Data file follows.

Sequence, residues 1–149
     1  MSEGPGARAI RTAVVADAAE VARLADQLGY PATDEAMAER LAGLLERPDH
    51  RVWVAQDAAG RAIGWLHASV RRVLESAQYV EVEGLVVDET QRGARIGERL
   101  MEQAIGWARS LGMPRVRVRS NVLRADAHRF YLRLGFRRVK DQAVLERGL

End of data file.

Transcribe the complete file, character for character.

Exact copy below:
Sequence, residues 1–149
     1  MSEGPGARAI RTAVVADAAE VARLADQLGY PATDEAMAER LAGLLERPDH
    51  RVWVAQDAAG RAIGWLHASV RRVLESAQYV EVEGLVVDET QRGARIGERL
   101  MEQAIGWARS LGMPRVRVRS NVLRADAHRF YLRLGFRRVK DQAVLERGL